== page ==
There is no time where we don’t hear  the sound of a click, ding , or whistle. It feeds us a nice measure of dopamine. We keep it around.  It sounds good to always be there, to be connected. It keeps us “busy”.

But the thing that allows us to grow is a dedicated time to think, a time to sit back, unpack,  and understand. We can’t just keep making, it is necessary to sit and think.

Take some time when you can and get away. To capture this effectively, its imperative you sit down away from the action to reflect. Don’t be afraid to turn everything off.

So, just try it.

Turn off your phone, leave it in your dresser, and drive or walk to a local coffee shop or park.

Just bring a pen and a pad. Sit there, and just start writing down everything.

No, dedicate the time

 

Take the time to put this in your calendar, and make the effort to follow it. Everything in your being won’t like it. For people who make stuff happen, or just trying to mellow out, it won’t feel natural.

But take the time, and I know that all sorts of interesting experiments will come out the other end. We live in a world that is far to concerned with the idea of connecting and being in the know, when we have a great resource sitting between our heads.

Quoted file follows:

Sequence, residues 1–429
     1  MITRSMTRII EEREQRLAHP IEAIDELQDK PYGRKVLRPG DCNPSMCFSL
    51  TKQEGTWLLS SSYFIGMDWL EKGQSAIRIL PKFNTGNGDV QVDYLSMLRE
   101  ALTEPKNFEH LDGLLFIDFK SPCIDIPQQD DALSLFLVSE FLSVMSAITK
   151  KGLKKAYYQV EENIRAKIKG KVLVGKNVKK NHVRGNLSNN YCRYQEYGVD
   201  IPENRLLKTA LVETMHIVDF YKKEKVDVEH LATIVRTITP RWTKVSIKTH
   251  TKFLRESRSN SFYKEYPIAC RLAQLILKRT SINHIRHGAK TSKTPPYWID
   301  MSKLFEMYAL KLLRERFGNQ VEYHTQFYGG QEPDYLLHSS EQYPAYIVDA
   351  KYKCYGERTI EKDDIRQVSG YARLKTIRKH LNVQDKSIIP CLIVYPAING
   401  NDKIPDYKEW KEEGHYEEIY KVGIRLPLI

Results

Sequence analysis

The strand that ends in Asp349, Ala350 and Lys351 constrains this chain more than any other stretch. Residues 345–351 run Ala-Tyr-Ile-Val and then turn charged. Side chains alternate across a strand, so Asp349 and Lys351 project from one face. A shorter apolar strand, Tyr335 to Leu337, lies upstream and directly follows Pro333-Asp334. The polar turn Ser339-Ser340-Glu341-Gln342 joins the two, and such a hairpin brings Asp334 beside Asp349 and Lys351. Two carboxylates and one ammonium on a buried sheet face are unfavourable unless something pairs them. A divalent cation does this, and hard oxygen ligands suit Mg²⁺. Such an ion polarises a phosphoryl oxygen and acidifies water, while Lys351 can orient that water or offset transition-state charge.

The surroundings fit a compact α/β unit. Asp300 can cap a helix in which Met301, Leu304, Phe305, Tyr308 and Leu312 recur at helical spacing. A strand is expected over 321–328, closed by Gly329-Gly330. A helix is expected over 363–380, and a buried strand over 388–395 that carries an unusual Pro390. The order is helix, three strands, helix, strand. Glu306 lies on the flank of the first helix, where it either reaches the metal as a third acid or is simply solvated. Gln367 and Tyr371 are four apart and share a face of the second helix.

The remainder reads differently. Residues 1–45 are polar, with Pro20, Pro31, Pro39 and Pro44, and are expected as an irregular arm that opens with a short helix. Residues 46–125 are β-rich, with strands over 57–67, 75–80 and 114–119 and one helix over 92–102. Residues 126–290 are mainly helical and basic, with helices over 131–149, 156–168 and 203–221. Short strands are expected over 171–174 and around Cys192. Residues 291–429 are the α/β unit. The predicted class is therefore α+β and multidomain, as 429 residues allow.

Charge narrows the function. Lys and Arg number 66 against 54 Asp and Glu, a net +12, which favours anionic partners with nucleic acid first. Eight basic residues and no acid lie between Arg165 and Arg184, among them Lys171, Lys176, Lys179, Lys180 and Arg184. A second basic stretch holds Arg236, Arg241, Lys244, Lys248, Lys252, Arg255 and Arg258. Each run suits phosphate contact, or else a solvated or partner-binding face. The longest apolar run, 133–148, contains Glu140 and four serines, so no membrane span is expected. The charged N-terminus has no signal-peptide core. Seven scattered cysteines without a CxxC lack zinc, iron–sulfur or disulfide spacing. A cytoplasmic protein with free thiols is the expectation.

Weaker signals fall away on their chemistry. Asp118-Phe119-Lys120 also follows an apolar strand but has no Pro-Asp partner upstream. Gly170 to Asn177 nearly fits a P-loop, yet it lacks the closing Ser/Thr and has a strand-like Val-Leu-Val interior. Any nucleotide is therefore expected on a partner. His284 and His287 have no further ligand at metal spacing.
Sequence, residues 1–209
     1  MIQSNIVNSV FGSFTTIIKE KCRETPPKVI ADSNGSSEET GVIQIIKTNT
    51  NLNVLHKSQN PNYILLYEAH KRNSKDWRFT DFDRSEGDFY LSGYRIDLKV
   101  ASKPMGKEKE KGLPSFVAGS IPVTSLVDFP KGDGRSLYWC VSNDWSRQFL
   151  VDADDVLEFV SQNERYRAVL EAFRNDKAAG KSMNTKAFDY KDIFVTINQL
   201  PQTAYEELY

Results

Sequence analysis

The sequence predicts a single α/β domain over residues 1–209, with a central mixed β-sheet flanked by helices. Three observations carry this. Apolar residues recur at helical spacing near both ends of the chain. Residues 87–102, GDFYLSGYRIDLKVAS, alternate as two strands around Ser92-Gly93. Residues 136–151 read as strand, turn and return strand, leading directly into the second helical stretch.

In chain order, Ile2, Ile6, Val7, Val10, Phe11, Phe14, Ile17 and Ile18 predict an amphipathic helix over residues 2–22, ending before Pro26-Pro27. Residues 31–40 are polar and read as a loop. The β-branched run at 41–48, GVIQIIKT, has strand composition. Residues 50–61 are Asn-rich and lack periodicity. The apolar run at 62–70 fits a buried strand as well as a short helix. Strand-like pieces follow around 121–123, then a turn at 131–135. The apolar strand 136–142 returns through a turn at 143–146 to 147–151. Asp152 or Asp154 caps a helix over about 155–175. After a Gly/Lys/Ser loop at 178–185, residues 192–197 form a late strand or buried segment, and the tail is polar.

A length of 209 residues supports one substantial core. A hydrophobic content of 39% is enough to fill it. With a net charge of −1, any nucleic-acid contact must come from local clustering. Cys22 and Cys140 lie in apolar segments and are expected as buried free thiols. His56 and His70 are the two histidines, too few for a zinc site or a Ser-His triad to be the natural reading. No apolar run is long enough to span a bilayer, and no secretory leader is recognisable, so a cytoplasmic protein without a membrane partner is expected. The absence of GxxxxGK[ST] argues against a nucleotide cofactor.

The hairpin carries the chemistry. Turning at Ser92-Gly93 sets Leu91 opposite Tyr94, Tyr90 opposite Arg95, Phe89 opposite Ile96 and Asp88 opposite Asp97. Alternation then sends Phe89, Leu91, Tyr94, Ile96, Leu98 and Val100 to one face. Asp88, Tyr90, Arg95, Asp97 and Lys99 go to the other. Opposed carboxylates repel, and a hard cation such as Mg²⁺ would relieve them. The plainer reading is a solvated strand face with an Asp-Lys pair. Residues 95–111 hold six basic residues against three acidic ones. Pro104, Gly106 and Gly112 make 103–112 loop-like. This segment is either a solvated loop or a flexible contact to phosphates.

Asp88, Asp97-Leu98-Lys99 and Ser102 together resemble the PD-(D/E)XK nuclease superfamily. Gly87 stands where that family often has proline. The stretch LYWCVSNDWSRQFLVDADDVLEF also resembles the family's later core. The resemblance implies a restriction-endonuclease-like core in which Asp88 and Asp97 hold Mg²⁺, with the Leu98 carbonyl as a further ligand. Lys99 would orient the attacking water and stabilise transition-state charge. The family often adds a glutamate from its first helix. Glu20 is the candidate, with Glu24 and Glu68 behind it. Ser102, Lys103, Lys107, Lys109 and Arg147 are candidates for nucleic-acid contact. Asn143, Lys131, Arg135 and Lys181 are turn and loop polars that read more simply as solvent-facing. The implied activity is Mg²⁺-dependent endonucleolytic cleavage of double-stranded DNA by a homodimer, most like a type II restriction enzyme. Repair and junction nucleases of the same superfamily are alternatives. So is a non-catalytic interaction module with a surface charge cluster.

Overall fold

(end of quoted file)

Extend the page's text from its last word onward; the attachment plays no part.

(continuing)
The next great ideas are in you. Trust that they are and take the time to find them out. It isn’t going to turn over into a paycheck, and there is no ROI that is apparent, but getting closer to yourself by dedicating time to think is something that separates us from the drones.

I wrote about something like this over at LinkedIn, take a look

Three Quick Thoughts

Three quick week-end thoughts to close the week on the weekend :-).

  1. Learn how to do a simple task well – Learning how to do something very simple very well is a boost of confidence. Great example – making your bed well. If you make your bed well every morning, not only do you get something done, the bed becomes a place of calm. I have taken this up recently and nothing is better than knowing when I get home if nothing else, my bed looks great.
  2. Silent Walks – Cut out the music when walking. It’s easy to get distracted by beauty outside – but our best ideas are inside. Giving your brain some latitude by not listening to anything when you walk or drive gives your brain some time to tackle some harder problems. Awkward at first, combining silence with movement has generated some great ideas.
  3. Writing It Down – Take a moment – write it down. Always have a tiny notebook and a pen. The brain is fickle.